The Independent Voice of Southern Methodist University Since 1915

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The Daily Campus

The Independent Voice of Southern Methodist University Since 1915

The Daily Campus

The Independent Voice of Southern Methodist University Since 1915

The Daily Campus

SMU professor Susanne Scholz in the West Bank in 2018.
SMU professor to return to campus after being trapped in Gaza for 12 years
Sara Hummadi, Video Editor • May 18, 2024

Back on Air

The revival of radio at SMU
Photo courtesy of Capri Woss
Capri Woss’s DJ set up at a student art exhibit.

This story was originally published in The DC’s Spring 2024 Issue.

Capri Woss sits at her computer in a booth in Fondren library, pops her headphones in and loads the software needed for her upcoming radio broadcast. She connects the Spotify playlist she made and selects a photo for the background. Woss broadcasts live amid an audio backdrop of lively conversation and the sounds of drinks being made at the Starbucks in SMU’s Fondren Library. After two songs play, Woss greets her audience and asks if they have any song requests before she plays her next curated song.

Radio debuted on SMU’s campus in 1947, under the name KSMU, but in 2011 the station, then known as KPNI, shut down due to a lack of funding. However, last spring, Woss, then a junior at SMU, had a plan to bring radio back. The path to getting radio re-established was not easy. After months of pushback and confusion she finally found a source of contact, a faculty member who could help her start her own organization. In order to present before the SMU Senate, Woss needed to find a faculty advisor, officers and at least 10 members. Without a lot of experience in a leadership position, Woss took to Instagram to find her first members.

“I contacted someone from Instagram that I had never met in real life only because they would post songs that I liked on their story,” Woss said. “I was like, ‘You know what? I bet this person that’s so confident about sharing their music tastes would enjoy getting the college radio reinstated.’”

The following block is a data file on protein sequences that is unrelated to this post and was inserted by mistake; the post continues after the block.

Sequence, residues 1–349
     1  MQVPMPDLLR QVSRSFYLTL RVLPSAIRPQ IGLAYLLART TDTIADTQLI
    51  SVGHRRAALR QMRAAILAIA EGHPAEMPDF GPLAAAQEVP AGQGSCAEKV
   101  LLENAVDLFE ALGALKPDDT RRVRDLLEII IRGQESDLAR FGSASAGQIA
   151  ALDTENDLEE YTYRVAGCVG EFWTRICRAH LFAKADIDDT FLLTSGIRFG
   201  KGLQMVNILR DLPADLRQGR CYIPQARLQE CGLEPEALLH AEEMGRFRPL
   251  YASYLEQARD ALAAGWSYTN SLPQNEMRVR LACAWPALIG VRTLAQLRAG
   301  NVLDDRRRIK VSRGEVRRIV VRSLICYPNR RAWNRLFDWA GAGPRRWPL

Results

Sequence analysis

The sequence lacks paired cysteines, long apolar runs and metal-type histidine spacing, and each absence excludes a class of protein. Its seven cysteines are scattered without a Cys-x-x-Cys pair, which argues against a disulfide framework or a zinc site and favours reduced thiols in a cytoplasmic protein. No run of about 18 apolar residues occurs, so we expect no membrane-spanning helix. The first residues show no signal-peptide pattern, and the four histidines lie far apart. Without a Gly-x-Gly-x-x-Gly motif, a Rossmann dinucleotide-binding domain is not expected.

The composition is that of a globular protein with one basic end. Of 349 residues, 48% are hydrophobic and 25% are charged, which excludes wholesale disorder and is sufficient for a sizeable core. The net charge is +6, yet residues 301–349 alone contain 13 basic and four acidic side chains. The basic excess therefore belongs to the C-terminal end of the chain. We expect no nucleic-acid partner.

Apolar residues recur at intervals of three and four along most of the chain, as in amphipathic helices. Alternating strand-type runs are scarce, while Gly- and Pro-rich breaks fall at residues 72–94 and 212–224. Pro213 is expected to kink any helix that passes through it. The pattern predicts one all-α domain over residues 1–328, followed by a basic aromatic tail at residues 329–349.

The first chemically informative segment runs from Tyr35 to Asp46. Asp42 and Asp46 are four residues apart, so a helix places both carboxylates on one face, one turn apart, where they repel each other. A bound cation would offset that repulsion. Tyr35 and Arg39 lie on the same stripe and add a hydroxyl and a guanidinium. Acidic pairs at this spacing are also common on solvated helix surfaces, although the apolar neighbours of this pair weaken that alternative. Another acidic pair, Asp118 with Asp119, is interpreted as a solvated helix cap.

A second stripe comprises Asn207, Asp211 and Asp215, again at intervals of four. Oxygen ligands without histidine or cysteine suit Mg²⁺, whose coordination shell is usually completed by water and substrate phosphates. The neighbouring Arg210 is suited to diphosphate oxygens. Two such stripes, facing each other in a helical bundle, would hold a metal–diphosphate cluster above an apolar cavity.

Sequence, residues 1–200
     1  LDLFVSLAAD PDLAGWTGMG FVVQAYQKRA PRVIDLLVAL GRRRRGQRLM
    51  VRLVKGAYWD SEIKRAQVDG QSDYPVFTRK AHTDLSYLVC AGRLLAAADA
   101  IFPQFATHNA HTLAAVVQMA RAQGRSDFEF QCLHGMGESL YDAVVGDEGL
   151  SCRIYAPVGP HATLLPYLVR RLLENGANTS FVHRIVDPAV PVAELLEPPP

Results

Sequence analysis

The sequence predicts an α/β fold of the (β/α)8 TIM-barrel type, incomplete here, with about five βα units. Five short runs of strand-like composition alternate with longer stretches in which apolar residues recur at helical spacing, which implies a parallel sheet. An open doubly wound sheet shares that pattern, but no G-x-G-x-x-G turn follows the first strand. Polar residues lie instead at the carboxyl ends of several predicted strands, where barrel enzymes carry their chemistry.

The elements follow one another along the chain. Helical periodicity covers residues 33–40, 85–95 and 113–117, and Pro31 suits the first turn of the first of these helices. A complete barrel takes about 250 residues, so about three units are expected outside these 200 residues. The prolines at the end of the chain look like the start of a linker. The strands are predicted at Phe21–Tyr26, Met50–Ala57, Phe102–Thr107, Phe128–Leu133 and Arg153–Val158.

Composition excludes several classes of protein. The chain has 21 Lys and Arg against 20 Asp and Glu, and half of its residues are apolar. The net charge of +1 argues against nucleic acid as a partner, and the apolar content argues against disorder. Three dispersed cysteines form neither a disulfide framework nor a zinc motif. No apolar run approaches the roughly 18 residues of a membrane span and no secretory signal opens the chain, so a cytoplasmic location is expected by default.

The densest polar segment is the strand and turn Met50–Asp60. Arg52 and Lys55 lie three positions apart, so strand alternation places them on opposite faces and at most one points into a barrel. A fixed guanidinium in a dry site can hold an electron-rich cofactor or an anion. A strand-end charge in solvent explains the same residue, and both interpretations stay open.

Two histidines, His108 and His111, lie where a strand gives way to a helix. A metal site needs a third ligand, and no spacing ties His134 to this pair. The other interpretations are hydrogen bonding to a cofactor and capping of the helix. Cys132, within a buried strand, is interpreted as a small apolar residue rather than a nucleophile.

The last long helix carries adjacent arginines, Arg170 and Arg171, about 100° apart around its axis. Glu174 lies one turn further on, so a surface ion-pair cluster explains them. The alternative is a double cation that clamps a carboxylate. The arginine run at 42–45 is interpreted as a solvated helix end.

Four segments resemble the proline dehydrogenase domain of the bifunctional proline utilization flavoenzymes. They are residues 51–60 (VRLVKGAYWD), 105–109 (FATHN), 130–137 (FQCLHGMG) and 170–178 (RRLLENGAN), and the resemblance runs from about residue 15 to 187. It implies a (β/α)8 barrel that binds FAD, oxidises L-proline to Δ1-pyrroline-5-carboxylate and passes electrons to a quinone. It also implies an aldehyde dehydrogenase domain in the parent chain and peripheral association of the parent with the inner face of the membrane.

Capri Woss, founder of SMURF, interviews the singer of band Cryogeyser. (Photo courtesy of Capri Woss)

Once Woss assembled her team of four officers, they took to Instagram again and promoted SMU Radio Frequency (S.M.U.R.F.) applications for potential new members to join.

S.M.U.R.F. Vice President, SMU senior and fellow music lover Zach Perez, eagerly wanted to help Woss establish the program when he first heard about it last year.

“Music has always been the way I have expressed myself and showed how I’m feeling,” Perez said. “When I found out a group of students were planning to start a radio club, I jumped at the opportunity to be a part of building it up.”

Perez is currently pursuing degrees in film and media studies as well as corporate communication and public affairs in addition to being a member of S.M.U.R.F.

Woss’s interest for music started at a young age and developed into an all-consuming love. In high school, Woss and her friends participated in their school radio program. There, she found her love for sharing the music she loves with others. When she graduated and began attending SMU, she found herself yearning for a similar experience.

“I didn’t know if it would bother me not to have a radio [station] here until I started seeing all of my friends from home, doing college radio at their school,” Woss said. “I was like we need to get this.”

While she has always had a passion for music, Woss currently majors in biology and studio art and minors in chemistry and art history.

Sharing music with others connects Woss with students at SMU with similar interests. SMU junior and biology major Robin Kinagomba joined the program for that exact reason.

“I wanted to join S.M.U.R.F because I love music and I believed that having a community at SMU made for music would be good for bringing more students together,” Kinagomba said.

Creative communications officer Jordan Naivar joined for a similar reason.

“I think finding your crowd can be a real challenge coming into college, music is a way to find those you share interests with,” Naivar said. “Expressing yourself through music is one of the best ways to connect with anyone.”

S.M.U.R.F. also connects Naivar to her long distance friends and relatives when they tune into her broadcast. While majoring in creative computing and minoring in graphic design and advertising, she finds time each week to make new playlists and expand her music taste.

Woss and her officers have big plans for the future of S.M.U.R.F.

“I think [we want a] Battle of the Bands, we would try to get local Denton, SMU and Dallas bands to come and then set that up here and broadcast it,” Woss said. “That’s the goal.”

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About the Contributor
Grace Bair
Grace Bair, Social Media Editor
As a social media editor I make and post a variety of content across all of the Daily Campus social media accounts. The DC social media accounts reflect on the work being done by other members of the Daily Campus staff. I work alongside the editors to ensure that the SMU community is being kept up to date on the most recent news happening around campus.